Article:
dignity despite its subject matter. There are numerous guest musicians and vocalists throughout the record
and Metatron's usual demonic grunting is interspersed with real singing. However, the lyrics don't flinch
from depicting the horror of a despicable episode in history and they certainly offer no comfort: there is a
fine line between writing about evil and simply recreating it - and sometimes that line is crossed: "Action T4"
is especially objectionable, both in its lyrical content and the accompanying sound effects.

To briefly run through the remaining tracks, the churning metal of "Wishing Well of Bones" has a
melancholy feel befitting its subject matter. "Silent Ghosts Of Babi Yar" features two contrasting sections:
death metal unexpectedly switches to prog half way through, a composition that Ayreon would be proud of,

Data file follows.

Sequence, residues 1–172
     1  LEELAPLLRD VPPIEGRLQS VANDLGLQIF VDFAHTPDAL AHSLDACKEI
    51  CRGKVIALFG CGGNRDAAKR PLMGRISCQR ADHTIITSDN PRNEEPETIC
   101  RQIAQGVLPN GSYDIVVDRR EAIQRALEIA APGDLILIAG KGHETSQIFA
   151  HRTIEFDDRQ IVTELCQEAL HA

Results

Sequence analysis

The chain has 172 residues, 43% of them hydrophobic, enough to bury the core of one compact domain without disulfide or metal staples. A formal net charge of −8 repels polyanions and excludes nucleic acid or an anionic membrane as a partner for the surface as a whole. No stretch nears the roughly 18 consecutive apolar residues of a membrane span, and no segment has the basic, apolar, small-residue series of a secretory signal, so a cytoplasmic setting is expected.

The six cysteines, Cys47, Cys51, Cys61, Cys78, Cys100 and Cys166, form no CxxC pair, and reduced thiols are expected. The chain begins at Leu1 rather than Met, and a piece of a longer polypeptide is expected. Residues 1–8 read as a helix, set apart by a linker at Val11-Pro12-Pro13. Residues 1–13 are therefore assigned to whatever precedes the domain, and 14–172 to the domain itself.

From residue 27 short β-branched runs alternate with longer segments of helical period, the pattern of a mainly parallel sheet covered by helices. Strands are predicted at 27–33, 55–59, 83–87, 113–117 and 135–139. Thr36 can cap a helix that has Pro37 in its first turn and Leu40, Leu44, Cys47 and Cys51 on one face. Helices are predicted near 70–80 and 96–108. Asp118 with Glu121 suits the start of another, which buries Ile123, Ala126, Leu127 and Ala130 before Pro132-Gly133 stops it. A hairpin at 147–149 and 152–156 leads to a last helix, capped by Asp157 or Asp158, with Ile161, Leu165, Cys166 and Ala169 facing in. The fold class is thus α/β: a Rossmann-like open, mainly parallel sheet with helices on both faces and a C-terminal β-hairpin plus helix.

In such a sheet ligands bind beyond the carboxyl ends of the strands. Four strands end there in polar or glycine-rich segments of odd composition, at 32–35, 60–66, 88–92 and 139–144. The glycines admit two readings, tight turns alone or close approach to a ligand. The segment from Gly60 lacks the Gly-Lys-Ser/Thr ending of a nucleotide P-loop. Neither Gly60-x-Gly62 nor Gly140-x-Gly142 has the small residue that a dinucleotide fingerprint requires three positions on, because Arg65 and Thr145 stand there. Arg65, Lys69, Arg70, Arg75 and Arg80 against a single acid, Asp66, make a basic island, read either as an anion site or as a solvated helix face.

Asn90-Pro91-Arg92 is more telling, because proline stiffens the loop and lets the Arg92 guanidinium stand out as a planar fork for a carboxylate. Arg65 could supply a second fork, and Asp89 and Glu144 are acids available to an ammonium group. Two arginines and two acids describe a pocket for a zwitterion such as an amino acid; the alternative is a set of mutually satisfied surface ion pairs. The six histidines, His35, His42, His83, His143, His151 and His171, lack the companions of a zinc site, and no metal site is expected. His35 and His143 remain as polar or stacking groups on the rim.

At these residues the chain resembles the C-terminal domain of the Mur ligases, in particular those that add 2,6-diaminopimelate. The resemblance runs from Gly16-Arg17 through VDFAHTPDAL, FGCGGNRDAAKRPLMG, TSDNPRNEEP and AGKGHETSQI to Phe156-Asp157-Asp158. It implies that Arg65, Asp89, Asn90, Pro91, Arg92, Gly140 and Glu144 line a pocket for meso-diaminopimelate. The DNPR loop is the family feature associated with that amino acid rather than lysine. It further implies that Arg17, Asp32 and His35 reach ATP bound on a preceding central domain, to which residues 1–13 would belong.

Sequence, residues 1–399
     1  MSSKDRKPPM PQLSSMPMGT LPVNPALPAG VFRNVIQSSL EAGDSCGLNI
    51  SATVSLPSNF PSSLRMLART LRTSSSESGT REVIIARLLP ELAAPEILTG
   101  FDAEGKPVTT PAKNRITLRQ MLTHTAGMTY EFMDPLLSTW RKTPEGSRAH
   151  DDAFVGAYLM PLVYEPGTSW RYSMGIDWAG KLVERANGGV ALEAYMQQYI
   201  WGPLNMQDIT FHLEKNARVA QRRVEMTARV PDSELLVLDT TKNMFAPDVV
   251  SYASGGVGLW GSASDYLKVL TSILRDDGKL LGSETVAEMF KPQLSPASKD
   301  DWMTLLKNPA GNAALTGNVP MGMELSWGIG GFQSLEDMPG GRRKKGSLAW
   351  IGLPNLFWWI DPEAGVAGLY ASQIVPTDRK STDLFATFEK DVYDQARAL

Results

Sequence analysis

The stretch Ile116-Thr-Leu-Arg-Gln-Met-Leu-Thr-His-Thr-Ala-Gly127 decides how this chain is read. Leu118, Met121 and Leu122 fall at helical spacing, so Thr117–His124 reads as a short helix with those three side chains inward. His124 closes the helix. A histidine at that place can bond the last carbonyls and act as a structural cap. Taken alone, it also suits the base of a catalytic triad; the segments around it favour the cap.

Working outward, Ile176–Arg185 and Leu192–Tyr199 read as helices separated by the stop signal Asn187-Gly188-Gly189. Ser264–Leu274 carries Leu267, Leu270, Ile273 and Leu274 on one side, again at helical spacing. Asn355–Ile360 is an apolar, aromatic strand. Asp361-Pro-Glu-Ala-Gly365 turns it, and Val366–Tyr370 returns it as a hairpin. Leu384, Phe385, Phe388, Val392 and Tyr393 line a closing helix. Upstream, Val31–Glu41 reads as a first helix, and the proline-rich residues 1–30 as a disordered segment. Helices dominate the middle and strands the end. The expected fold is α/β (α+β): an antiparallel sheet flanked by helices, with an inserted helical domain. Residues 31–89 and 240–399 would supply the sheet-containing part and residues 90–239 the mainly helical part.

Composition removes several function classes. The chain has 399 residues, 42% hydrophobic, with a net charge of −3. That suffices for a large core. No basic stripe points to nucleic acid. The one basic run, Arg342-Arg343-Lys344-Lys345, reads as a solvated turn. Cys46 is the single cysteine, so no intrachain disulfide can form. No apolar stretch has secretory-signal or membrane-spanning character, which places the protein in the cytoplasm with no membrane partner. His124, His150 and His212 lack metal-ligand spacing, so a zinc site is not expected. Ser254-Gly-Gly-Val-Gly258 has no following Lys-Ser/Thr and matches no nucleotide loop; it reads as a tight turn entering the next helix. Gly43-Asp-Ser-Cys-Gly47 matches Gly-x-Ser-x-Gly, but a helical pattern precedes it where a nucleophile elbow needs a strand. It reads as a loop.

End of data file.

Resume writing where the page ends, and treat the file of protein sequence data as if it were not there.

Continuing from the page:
fading out on the repeated vocal refrain "This hell can exist as long as no one sees". "Children Of The
Sunwheel Banner, Pt. 1" is basically a collage (or "a twisted patriotic build up to the main song") leading into
"Pt 2", which joins fairly conventional metal with lyrics about teutonic hell to an organ-driven closing
section that recalls the Stranglers on "Down in the Sewer".

"Lamenting Weaver of Horror" is pure folk theatre in three parts: cackling witches conjure up death, who
then engages in a dialogue with a disturbing dead child before the final folk metal section - it is totally left
field (read the accompanying essay if you find this track distasteful). "Sins of the Pharoahs" is more